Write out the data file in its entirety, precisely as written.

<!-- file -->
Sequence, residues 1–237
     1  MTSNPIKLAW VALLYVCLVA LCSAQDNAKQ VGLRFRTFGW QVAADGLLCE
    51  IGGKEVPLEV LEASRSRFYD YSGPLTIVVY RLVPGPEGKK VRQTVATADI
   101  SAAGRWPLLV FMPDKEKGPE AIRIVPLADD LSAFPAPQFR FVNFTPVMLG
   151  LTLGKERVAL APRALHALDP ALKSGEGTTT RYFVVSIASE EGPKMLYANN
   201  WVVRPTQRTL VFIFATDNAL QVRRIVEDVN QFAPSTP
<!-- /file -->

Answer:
Sequence, residues 1–237
     1  MTSNPIKLAW VALLYVCLVA LCSAQDNAKQ VGLRFRTFGW QVAADGLLCE
    51  IGGKEVPLEV LEASRSRFYD YSGPLTIVVY RLVPGPEGKK VRQTVATADI
   101  SAAGRWPLLV FMPDKEKGPE AIRIVPLADD LSAFPAPQFR FVNFTPVMLG
   151  LTLGKERVAL APRALHALDP ALKSGEGTTT RYFVVSIASE EGPKMLYANN
   201  WVVRPTQRTL VFIFATDNAL QVRRIVEDVN QFAPSTP